Thus, today Russia faces the worst of two worlds - a bureaucracy that is bloated and unwieldy, yet too weak and corrupt to enforce even the basic rules of the market. With the failure of weak Russian democracy to deliver on the promises of capitalism, the only workable alternative to the nation's continuous stagnation, it seems, is to strengthen the state and to place at its helm a powerful leader who can play the role of a "benevolent" dictator.
This is not going to be an easy task. At a minimum, it will require cleaning up the government itself, simplifying the tax system, and suppression of organized crime.
The notorious "oligarchs" - the heads of Russia's vast, and in some cases incredibly wealthy, former state monopolies - have to be subdued. Foreign investors must be lured back with prize stakes in Russian assets. And a currency board must be established for the ruble.
The recent moves by the Russian government, such as the anticrime campaign prompted by the brutal murder of liberal legislator, Galina Starovoitova, in St. Petersburg, as well as stepped-up efforts at tax collection and restraining of the restive provinces, may finally set in motion the long overdue process of restoring power to the battered Russian state.
Clearly, as long as lame-duck Yeltsin remains president, Mr. Primakov's government can only set the stage for the new course. Most of the necessary reforms would have to wait for implementation until after the election of a new president in 2000.
The three leading - if undeclared - contenders are: communist Gennadi Zuganov, with the troubled legacy of his party to bear; Moscow Mayor Yuri Luzhkov, whose big-money machine politics are suspect; and the governor of the Siberian region of Krasnoyarsk, Alexander Lebed, a former Army general with authoritarian tendencies.
If Russia is limited to these three choices, Mr. Lebed, with his clean reputation and military prestige, fills the image of a strong and fair ruler most credibly.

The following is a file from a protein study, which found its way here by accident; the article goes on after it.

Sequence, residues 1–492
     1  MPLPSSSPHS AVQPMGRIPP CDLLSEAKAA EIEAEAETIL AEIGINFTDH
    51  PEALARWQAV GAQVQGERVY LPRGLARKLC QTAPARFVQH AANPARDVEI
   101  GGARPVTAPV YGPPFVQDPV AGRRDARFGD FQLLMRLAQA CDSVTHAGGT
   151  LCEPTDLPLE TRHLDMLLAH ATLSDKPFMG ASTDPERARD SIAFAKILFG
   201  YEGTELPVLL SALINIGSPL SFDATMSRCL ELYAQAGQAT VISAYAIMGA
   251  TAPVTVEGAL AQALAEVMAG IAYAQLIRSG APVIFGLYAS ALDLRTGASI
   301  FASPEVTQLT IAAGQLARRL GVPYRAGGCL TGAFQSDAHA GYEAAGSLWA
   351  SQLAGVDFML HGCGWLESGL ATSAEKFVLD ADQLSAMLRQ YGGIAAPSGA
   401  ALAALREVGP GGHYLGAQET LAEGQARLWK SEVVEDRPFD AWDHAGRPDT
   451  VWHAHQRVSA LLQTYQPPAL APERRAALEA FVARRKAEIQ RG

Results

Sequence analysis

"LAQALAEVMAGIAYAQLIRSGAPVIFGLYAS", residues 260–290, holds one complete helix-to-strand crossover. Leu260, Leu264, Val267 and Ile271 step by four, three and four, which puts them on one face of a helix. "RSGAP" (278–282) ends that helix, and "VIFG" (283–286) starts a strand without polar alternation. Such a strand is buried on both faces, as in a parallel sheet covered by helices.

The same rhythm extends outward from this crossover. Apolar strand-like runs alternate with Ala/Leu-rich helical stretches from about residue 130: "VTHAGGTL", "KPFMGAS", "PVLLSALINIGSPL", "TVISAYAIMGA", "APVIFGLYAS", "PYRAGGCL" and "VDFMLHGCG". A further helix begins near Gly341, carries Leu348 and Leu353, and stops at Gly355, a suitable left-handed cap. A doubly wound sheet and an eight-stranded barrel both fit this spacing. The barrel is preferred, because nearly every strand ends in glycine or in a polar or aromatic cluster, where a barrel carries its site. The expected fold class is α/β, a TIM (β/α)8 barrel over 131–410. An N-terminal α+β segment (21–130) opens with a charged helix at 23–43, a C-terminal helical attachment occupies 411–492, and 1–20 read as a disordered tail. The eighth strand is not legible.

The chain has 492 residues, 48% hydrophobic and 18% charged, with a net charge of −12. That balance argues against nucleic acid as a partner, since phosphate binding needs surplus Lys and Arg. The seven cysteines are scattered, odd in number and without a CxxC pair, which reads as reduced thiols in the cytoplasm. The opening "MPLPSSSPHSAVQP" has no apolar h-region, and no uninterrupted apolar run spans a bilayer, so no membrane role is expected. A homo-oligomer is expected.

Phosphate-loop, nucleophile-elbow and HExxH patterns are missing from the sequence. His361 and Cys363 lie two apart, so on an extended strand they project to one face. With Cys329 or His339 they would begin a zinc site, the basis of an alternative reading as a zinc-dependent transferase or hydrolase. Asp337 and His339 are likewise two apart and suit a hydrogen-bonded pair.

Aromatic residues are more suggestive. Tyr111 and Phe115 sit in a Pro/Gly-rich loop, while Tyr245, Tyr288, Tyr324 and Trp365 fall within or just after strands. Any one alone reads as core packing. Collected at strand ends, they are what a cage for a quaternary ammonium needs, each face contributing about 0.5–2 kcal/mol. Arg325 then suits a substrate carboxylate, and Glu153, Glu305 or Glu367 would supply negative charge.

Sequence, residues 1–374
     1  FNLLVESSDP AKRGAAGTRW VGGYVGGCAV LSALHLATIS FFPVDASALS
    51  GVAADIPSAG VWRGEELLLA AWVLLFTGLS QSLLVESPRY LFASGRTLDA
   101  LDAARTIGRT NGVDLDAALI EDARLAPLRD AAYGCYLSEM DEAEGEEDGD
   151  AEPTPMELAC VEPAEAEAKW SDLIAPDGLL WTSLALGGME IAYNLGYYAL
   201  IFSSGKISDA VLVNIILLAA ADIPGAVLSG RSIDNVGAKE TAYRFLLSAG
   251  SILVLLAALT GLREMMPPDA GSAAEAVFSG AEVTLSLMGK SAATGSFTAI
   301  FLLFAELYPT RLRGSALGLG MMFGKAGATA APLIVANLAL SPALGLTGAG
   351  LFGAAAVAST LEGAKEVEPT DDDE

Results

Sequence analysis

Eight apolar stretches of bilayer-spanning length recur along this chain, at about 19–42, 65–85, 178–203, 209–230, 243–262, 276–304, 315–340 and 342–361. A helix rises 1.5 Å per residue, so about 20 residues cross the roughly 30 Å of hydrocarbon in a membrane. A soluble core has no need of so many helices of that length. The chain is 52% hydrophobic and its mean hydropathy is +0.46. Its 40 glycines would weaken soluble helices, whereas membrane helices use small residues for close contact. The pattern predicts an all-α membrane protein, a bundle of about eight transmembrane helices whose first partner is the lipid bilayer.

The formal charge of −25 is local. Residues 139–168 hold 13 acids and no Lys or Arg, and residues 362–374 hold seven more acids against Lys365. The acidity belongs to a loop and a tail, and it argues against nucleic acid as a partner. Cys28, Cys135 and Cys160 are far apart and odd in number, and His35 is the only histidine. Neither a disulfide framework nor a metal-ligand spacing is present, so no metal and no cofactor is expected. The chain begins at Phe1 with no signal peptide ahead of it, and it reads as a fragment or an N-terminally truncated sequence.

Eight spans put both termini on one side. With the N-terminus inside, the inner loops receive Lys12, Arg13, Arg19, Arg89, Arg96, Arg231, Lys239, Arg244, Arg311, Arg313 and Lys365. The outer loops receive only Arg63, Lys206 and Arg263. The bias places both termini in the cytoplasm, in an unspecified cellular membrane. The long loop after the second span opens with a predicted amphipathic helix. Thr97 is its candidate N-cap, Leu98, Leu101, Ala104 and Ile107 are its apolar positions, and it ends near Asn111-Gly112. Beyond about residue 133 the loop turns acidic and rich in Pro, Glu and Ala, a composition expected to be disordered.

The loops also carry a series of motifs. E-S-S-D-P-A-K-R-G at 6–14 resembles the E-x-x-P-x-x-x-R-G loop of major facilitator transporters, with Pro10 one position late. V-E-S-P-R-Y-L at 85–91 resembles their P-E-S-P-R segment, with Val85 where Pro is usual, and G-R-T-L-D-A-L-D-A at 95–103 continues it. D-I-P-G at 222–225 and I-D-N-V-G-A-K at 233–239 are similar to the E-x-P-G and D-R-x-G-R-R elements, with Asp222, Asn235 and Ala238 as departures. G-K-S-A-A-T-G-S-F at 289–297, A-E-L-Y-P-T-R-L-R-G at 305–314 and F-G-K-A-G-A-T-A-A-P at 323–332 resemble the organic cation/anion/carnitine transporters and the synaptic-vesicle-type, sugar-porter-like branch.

In the early 1990s Russia, unlike Eastern Europe, failed to bridge the abyss between communism and capitalism by building strong democratic institutions along with a market economy.
Democracy is still the best option, but a strong democracy, not the weak and corrupt one Russians are living with now. Under the circumstances, Russians seem to be gravitating toward the lesser evil - authoritarian rule.
Successful implementation of an authoritarian model might allow Russia to emulate a variant of the government-led economic growth of Singapore, South Korea, or Taiwan, and still preserve most of the democratic freedoms achieved in the last 10 years.
True, the "Asian model" is not very popular these days. But for the clueless and anarchy-prone Russia, switching to the Asian path would be a big step forward.
Russia's tumultuous last century has earned it a dubious reputation as the world's largest socio-economic laboratory. The latest crisis, however devastating, gives Russia a unique opportunity to right itself before the century ends. A strong state and a strong leader are what Russia needs to enter the new millennium with a sense of dignity and direction.
* Alexei Izyumov, a Russian economist, is co-director of the Center for Emerging Market Economies at the University of Louisville, Ky. In the Gorbachev years he worked on economic reforms at one of Moscow's leading think tanks.